The so-called Muslim Ban 2.0 modifies and replaces the original, which was suspended last month by a federal court, to avoid another injunction. The executive order suspends all refugee admissions for four months and reduces the number of refugees resettled in the U.S. from 110,000 to 50,000 per year. It also prohibits Syrians, Iranians, Somalis, Libyans, Yemenis and Sudanese from entering the U.S.
The prohibition on Iraqis, however, has been removed, an amendment that occurred after marked protests from the government in Baghdad, which remains a “strategic ally” in America’s operations in the Middle East. Arbitrary discrimination isn’t conducive to that relationship.
The ban on Iraqis had caused quite a stir, especially among veterans. U.S. Army collaborators, including translators during operations in Iraq, had been promised asylum. But last month, despite having travel documents in hand, some were refused visas upon arrival at the airport.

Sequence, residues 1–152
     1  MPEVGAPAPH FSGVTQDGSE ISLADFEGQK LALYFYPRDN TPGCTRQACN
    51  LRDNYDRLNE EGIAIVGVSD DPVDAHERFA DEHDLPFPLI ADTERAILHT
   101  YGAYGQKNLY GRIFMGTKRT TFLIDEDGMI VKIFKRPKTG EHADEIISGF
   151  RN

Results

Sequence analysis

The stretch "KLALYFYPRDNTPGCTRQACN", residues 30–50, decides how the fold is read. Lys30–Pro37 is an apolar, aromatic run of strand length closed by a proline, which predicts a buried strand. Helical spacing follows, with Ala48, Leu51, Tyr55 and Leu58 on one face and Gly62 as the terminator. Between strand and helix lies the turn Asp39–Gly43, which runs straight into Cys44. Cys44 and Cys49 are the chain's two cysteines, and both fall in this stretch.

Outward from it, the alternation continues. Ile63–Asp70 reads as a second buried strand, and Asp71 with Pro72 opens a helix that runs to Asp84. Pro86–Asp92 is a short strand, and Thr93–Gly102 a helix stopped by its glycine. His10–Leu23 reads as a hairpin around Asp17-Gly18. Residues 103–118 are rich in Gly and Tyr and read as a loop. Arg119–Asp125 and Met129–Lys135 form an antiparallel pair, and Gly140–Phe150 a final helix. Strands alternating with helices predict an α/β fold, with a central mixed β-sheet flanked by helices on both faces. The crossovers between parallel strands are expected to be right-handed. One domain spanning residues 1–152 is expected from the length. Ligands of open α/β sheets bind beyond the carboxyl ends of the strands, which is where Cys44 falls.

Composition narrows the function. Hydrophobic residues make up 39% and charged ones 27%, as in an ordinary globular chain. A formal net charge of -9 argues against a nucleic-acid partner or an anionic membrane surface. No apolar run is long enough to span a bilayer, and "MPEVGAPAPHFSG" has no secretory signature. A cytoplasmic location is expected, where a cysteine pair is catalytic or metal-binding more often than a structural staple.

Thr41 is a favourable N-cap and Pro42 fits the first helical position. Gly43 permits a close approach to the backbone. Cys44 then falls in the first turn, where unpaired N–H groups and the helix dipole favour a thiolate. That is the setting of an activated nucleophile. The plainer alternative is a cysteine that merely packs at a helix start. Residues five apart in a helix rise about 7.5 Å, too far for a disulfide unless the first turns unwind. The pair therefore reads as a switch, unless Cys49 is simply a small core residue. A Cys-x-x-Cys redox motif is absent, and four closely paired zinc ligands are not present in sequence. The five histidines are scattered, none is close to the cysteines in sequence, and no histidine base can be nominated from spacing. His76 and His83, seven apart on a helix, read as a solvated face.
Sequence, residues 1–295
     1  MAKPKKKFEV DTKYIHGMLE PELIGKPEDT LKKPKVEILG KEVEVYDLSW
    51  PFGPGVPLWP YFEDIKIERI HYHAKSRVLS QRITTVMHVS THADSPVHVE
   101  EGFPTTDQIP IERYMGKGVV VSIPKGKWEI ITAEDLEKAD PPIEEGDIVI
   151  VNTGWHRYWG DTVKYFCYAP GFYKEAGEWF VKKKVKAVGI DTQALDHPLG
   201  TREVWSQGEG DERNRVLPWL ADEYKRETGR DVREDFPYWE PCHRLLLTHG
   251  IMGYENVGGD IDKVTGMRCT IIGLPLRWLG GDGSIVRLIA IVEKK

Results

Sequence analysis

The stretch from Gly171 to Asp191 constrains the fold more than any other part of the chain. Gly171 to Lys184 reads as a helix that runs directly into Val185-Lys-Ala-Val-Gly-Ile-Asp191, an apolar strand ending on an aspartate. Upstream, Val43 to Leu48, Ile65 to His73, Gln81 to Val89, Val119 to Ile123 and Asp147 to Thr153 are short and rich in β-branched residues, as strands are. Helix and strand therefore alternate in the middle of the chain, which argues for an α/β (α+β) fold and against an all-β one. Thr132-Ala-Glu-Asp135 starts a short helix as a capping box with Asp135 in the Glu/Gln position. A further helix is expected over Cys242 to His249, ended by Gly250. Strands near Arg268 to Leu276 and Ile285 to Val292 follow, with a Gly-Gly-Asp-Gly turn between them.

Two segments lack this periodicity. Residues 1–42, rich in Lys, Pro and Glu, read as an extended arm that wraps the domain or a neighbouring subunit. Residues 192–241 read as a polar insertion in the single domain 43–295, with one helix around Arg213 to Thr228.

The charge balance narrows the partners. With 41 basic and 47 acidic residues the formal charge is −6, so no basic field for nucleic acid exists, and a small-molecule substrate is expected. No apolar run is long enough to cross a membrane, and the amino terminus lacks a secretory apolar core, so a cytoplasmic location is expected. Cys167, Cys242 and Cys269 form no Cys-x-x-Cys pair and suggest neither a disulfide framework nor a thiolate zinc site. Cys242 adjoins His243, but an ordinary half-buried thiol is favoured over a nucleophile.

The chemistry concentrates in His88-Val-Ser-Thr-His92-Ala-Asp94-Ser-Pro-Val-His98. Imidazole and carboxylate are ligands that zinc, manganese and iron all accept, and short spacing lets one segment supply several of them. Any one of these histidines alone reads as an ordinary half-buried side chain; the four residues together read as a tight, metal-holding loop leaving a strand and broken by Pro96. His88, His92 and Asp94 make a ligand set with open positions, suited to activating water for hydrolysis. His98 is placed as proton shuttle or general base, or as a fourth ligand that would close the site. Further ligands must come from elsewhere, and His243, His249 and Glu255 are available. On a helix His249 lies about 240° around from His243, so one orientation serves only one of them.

But the “protection” for Iraqis simply underlines the arbitrariness of the decree. Secretary of State Rex Tillerson on Monday recited the official justification: “It is the president’s solemn duty to protect the American people,” a motive predicated on the fallacy of the “immigrant terrorist.”